- The Washington Times - Monday, December 15, 2003

Two federal advisory committees are scheduled today to hear comments on making “emergency” birth-control pills available in groceries and other stores.

Currently, emergency contraception (EC) is available by prescription only.

The birth-control products are sometimes called morning-after pills because they are to be used within 72 hours after unprotected sexual intercourse to prevent or interrupt an early pregnancy.

Last week, 44 members of Congress sent a letter to the Food and Drug Administration (FDA) advisory committees on nonprescription drugs and reproductive-health drugs, urging them to reject a petition to grant over-the-counter status to Plan B, one of two FDA-approved emergency-contraception products.

Emergency contraception should not be “as accessible to our nation’s teenage daughters as aspirin or hair spray,” said the Dec. 8 letter signed by House Majority Leader Tom DeLay, Texas Republican, and 43 other House Republicans.

There are “serious implications” of allowing children access to “a powerful drug without the knowledge of their parents or family physician,” the members of Congress said. They further asked the FDA advisers to change Plan B’s package insert to state clearly that it can “adversely affect” a human embryo.

The United States Conference of Catholic Bishops, among others, reject EC because it can interrupt an early pregnancy and thus act as an abortifacient.

EC is not thought to affect established pregnancies.

Wendy Wright of Concerned Women for America, who is scheduled to testify today before the FDA advisory committees, said not enough research has been done on the long-term use of EC.

Moreover, she said, “It makes no sense at all for a higher dose of a drug to be available over the counter when a low dose of it requires physician oversight and prescription.”

EC supporters contend that if Plan B can be sold in drugstores, groceries and other stores, it could reduce the number of unwanted pregnancies and abortions by half.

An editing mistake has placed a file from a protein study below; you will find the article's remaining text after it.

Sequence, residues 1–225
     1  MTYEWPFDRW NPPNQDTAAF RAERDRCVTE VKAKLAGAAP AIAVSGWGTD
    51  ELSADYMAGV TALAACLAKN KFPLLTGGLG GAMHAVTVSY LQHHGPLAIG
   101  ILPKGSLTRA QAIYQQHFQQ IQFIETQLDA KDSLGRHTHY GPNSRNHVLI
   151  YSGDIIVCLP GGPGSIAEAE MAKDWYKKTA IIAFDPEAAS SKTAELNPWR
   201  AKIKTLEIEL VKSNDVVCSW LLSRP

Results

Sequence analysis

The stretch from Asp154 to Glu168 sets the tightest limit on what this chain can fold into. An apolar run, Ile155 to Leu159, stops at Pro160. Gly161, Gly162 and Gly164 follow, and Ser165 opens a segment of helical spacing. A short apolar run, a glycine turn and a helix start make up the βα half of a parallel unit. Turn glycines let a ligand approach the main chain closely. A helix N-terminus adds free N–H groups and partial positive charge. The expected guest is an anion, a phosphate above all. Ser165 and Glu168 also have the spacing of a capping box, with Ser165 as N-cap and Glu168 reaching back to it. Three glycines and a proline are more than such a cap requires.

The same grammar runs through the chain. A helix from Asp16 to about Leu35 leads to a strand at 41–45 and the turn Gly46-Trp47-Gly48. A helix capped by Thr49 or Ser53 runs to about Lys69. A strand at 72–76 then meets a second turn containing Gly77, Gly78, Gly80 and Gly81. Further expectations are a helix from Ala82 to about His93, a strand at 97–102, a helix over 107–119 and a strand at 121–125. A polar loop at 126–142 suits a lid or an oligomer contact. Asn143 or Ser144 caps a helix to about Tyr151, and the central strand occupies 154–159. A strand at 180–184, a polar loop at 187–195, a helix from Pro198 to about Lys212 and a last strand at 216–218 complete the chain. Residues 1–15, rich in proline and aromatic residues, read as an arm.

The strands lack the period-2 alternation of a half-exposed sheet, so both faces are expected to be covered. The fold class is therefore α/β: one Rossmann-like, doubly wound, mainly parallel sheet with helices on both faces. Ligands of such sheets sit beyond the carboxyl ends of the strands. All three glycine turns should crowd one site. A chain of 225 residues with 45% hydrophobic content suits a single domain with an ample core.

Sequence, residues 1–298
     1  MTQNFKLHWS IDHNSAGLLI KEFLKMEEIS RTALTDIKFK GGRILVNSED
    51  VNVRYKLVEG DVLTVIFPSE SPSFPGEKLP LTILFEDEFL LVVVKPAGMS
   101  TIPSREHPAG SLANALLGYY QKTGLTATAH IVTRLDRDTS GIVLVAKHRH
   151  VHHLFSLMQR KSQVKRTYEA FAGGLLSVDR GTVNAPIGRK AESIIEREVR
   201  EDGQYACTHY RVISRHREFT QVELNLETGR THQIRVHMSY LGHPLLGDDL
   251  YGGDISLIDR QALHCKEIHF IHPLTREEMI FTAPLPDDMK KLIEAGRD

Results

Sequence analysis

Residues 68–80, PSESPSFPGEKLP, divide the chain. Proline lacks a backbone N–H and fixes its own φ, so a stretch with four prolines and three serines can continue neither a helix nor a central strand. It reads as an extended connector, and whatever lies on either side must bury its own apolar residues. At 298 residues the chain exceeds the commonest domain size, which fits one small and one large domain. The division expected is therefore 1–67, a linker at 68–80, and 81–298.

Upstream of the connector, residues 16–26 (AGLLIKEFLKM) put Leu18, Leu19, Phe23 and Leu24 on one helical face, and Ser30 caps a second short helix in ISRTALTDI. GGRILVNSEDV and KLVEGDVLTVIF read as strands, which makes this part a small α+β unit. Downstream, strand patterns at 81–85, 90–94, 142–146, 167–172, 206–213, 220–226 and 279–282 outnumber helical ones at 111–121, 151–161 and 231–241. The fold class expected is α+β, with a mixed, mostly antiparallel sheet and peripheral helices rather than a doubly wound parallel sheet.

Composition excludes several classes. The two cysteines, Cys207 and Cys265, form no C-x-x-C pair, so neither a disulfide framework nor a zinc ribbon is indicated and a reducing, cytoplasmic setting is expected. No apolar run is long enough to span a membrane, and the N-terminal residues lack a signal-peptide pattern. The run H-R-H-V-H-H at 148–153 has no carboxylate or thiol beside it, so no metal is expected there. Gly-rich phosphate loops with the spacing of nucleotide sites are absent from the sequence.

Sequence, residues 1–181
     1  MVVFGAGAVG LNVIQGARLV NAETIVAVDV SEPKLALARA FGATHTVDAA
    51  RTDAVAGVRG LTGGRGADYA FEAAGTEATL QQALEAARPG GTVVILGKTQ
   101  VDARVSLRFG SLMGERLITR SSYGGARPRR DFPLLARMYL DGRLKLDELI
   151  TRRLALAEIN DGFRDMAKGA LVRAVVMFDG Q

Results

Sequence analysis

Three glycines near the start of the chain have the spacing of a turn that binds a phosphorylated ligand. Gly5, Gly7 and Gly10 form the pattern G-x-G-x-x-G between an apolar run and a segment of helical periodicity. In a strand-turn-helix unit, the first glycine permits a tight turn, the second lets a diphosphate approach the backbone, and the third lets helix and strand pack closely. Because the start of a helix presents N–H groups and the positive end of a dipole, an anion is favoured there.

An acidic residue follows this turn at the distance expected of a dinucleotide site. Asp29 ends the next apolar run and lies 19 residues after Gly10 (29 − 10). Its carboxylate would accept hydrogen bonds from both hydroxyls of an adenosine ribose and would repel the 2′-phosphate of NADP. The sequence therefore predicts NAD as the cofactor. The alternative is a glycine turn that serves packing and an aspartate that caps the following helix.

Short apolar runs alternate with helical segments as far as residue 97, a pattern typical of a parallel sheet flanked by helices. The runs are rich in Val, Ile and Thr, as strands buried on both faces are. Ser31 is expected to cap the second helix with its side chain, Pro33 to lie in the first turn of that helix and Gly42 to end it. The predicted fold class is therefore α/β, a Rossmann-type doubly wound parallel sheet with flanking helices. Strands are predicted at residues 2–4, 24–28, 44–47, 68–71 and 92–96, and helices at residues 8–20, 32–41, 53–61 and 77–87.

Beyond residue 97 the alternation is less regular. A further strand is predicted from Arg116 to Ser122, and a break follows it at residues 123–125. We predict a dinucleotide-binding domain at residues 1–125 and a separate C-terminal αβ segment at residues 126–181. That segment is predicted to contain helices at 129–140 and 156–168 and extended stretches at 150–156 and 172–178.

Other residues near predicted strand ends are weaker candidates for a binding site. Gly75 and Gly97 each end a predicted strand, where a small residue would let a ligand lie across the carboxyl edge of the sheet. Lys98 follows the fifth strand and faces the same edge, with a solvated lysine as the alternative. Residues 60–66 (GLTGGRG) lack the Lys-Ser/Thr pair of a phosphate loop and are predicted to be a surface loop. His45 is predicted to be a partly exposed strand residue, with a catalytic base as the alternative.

“Emergency contraception is safe and effective and is the best way to prevent unintended pregnancy in cases of contraceptive failure,” said Dr. Vanessa Cullins, vice president for medical affairs for Planned Parenthood Federation of America, who also is slated to address the FDA panels.

Dozens of medical and public-health groups, including the American Medical Association and American Public Health Association, support expanding access to EC, according to the Reproductive Health Technologies Project, which promotes EC use.

Plan B currently is sold to adults through Web sites, primary care physicians and campus and community-health clinics. Drug maker Barr Laboratories announced plans to acquire Plan B from the Women’s Capital Corporation in October.

Five states — Washington, California, Alaska, Hawaii and New Mexico — allow women to buy EC from pharmacists without a prescription.

In 2002, the Alan Guttmacher Institute (AGI) estimated that widespread availability of EC could prevent 1.7 million unintended pregnancies and 800,000 abortions each year in the United States.

Miss Wright disputed the AGI study as “a propaganda tool” to promote EC.

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